A ripple can indeed turn into a tidal wave of goodness.

Calling all readers to share stories about their grandparents

Tuesday, April 13th, 2010

imagesIn honor of the release of its latest children’s book, Our Grandparents: A Global Album, The Global Fund for Children invites everyone to submit an endearing, funny, or memorable story about their grandparents by posting a comment on their Facebook fan page by April 15. The author of the winning story will receive a $50 gift certificate to Amazon.com.

To learn more about The Global Fund for Children, read our interview with Maya Ajmera, founder and president of the organization.

Reading into the New Year

Wednesday, December 30th, 2009

Reading Into the New YearThe last book of the year has been read (Sahwira: An African Friendship, by Carolyn Marsden) and a whole new year of reading is about to start. Oh the joys of being an avid reader!…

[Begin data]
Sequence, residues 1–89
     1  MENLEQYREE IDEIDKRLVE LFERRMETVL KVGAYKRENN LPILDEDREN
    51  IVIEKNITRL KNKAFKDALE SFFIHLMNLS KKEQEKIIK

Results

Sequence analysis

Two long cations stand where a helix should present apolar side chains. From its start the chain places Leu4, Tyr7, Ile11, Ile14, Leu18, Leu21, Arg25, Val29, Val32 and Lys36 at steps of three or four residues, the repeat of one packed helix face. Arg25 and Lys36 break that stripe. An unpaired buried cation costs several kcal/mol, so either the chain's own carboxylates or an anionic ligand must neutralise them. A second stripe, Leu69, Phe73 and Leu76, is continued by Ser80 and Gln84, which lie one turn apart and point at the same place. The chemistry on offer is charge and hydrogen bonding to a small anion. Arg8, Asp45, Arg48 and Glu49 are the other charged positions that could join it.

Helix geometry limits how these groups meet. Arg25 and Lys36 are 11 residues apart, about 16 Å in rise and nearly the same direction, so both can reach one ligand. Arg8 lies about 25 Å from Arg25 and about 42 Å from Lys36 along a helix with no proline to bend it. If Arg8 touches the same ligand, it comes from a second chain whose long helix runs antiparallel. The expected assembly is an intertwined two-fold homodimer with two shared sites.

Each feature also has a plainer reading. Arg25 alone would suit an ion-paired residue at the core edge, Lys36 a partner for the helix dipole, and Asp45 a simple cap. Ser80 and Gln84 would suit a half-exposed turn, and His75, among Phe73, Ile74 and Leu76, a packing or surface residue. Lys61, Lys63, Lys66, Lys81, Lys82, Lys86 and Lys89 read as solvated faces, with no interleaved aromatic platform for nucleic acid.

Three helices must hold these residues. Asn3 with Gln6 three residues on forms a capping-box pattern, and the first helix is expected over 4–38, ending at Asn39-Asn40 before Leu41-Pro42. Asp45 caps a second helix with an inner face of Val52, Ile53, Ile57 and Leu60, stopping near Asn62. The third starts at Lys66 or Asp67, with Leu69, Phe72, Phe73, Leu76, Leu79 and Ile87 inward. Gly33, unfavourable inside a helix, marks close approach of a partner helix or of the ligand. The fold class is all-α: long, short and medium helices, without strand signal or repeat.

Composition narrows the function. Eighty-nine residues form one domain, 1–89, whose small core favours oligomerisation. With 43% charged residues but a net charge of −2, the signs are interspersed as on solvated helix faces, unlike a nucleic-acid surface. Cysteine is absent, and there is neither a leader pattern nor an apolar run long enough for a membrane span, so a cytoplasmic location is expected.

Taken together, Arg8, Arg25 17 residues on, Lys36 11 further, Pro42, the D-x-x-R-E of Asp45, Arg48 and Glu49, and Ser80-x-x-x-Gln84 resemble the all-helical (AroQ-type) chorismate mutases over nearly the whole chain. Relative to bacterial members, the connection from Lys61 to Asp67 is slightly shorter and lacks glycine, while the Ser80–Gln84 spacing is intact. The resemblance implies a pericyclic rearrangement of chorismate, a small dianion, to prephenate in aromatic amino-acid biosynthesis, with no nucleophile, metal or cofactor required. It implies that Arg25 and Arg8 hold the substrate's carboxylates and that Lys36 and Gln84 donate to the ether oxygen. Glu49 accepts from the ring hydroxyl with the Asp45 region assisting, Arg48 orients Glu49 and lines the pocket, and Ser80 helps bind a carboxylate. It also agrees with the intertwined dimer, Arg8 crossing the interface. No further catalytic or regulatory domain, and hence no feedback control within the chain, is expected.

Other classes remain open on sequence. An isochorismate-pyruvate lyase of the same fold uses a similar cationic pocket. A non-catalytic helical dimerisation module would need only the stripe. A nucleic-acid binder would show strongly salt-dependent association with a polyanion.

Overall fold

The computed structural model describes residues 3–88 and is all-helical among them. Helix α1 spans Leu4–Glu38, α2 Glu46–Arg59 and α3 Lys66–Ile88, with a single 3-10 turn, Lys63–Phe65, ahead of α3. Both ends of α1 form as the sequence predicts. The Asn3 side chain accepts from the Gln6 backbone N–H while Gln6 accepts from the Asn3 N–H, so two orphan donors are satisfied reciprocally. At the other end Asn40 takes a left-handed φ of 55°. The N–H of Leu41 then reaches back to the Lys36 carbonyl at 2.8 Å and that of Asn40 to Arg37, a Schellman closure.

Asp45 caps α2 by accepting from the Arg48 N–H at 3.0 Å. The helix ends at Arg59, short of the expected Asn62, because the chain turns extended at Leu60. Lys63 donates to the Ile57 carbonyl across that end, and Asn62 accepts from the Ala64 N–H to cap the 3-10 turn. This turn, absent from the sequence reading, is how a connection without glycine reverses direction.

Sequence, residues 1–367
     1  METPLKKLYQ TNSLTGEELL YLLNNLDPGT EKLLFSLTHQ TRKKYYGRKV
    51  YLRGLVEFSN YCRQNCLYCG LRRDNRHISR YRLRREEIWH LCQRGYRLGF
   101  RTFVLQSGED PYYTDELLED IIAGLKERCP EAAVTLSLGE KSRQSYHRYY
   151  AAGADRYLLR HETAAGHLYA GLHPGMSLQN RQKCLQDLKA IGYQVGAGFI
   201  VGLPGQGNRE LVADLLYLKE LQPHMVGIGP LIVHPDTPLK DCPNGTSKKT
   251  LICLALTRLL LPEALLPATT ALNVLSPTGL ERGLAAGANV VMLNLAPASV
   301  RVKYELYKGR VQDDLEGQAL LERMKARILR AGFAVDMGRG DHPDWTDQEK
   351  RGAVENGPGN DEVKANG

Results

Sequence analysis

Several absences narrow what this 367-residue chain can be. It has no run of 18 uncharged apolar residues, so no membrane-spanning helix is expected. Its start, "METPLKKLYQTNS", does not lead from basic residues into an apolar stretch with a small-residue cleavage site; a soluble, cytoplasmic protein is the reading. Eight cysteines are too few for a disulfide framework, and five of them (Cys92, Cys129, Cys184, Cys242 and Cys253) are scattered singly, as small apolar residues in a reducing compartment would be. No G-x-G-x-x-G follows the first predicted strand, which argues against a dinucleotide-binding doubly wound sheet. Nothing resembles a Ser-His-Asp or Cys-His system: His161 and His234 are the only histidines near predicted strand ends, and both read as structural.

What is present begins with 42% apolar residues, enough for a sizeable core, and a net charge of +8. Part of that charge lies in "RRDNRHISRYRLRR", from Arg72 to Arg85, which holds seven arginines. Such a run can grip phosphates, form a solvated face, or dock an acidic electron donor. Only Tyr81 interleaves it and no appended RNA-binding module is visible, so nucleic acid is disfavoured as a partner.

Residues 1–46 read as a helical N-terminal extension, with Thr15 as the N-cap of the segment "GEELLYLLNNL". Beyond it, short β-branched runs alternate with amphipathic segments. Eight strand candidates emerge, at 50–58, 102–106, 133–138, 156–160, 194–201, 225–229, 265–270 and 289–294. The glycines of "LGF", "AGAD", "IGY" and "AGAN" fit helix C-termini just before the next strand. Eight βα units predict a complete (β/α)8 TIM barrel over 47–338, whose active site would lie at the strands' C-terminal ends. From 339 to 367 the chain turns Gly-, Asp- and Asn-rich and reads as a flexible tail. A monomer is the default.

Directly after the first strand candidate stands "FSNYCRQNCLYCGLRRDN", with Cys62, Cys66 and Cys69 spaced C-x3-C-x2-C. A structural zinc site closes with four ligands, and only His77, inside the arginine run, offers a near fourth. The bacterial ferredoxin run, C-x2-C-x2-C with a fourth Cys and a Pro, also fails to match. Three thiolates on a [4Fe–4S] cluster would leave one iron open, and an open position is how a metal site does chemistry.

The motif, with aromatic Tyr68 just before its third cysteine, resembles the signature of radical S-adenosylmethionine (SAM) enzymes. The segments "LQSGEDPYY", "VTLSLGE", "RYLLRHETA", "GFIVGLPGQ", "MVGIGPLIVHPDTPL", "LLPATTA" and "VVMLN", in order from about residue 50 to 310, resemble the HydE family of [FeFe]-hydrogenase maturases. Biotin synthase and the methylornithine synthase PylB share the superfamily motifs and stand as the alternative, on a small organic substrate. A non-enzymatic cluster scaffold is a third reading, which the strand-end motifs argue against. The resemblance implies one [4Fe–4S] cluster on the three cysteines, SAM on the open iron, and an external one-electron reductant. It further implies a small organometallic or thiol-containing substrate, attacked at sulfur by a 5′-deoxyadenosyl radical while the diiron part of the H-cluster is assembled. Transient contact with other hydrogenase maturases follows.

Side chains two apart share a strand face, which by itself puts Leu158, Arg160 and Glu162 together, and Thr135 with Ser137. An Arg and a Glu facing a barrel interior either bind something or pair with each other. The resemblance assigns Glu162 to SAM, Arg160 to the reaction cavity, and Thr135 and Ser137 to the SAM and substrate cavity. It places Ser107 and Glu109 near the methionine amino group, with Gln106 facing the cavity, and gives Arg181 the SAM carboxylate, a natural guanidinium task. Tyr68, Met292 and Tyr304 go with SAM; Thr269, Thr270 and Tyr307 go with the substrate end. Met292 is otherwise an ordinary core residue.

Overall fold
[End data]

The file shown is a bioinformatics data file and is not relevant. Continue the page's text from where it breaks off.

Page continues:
If, like me, you’re likely to ring in the New Year in bed, with a good book, you might want to consider Reading Into the New Year. “It hardly sounds like a challenge,” I hear you say. Well, it isn’t. It’s more like an invitation to have fun and share your passion for books with others. However, the book(s) you choose to curl up with to welcome the new year and new decade might reveal much about your aspirations and hopes—and I guarantee the fireworks in your mind’s eyes will be just as incredible as the ones outside!

Whereas I am still planning to get caught up with titles I missed from previous years, the list of 2010 releases I just started already excites me beyond words. Perhaps one or two of these titles might inspire you to start your own brand new pile of books to look forward to?

Ling and Ting by Grace Lin
A Million Shades of Grey by Cynthia Kadohata
Bamboo People by Mitali Perkins
Our Grandparents: A Global Album (A Global Fund for Children book)
Seeds of Change: Wangari’s Gift to the World by Jen Cullerton Johnson, illustrated by Sonia Lynn Sadler.

The always reliable CCBC is hard at work compiling the best of the 2009 crop: CCBC Choices 2010 will be available after March 6, 2010 (for information on how to have a copy sent to you, go to their website). And Fuse#8 has a great post on the best of the decade.

Happy New Year of Reading to all!